Lunar floor-fractured craters are a class of ~170 lunar craters with anomalously shallow and fractured floors, divided into eight morphologic subclasses. Recent morphologic studies have supported the hypothesis that floor-fractured craters were formed by the intrusion and evolution of a shallow magmatic body beneath the crater. Further support for this hypothesis comes from the association of volcanic morphologies such as pyroclastic deposits and mare deposits with the fractures of floor-fractured craters. Here we examine the formation of floor-fractured craters to give insight into both global and regional lunar structure, and how the formation and evolution of the magmatic intrusions gives insight into lunar volcanic processes. It has long been recognized that lunar floor-fractured craters are predominately located around the edges of large lunar basins and in the vicinity of mare deposits. We suggest that this distribution reflects a formation time consistent with the end of the main phase of mare volcanism. Flexural models indicate that loading of the lunar maria on the lithosphere would inhibit further dike propagation beneath the basin, and create extensional zones at the edges of the loading which would enhance dike propagation. Thus the distribution of lunar floor-fractured craters reflects both the general timing of their formation and the regional stress state at the time of emplacement.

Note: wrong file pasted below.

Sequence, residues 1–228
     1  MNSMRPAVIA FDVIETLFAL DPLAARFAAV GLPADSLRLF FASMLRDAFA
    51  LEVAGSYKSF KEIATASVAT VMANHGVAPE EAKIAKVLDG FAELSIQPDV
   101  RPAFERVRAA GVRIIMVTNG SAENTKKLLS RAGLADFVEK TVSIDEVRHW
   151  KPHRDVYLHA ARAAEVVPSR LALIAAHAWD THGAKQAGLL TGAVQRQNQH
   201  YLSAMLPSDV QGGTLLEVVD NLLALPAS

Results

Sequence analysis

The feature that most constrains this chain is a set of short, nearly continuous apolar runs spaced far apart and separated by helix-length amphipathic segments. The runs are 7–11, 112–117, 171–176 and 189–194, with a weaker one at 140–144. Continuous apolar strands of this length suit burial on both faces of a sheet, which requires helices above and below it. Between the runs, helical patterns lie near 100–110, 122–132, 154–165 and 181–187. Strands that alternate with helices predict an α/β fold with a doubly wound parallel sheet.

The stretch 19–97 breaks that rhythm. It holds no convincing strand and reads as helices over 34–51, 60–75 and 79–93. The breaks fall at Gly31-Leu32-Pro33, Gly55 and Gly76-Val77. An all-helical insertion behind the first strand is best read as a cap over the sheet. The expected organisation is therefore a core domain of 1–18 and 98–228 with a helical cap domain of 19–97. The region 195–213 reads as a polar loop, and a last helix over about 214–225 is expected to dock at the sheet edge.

In addition to using the distribution of floor-fractured craters to explore the timing of their emplacement, we have used detailed mapping of the surface morphologies to assess the formation process of floor-fractured craters. The surface morphologic variations of floor-fractured craters are well documented, and thus far the origin of these differences has been unexplored. We have used detailed mapping of several case study floor-fractured craters, including Humboldt, Alphonsus, Vitello, and Bohnenberger, to explore the detailed process of intrusion formation. Our results support the hypothesis that all magmatic intrusions undergo the same initial formation process, and the final intrusion morphology is determined by the diameter of the host crater—smaller host craters maintain bell-shaped intrusion morphologies and larger host craters transition to tabular sill intrusion morphologies. The tabular sill morphology observed beneath larger floor-fractured craters also creates a stress state favorable to the propagation of dikes from the bending edge of the sill; these dikes serve as sources for the volcanic morphologies observed in lunar floor-fractured craters.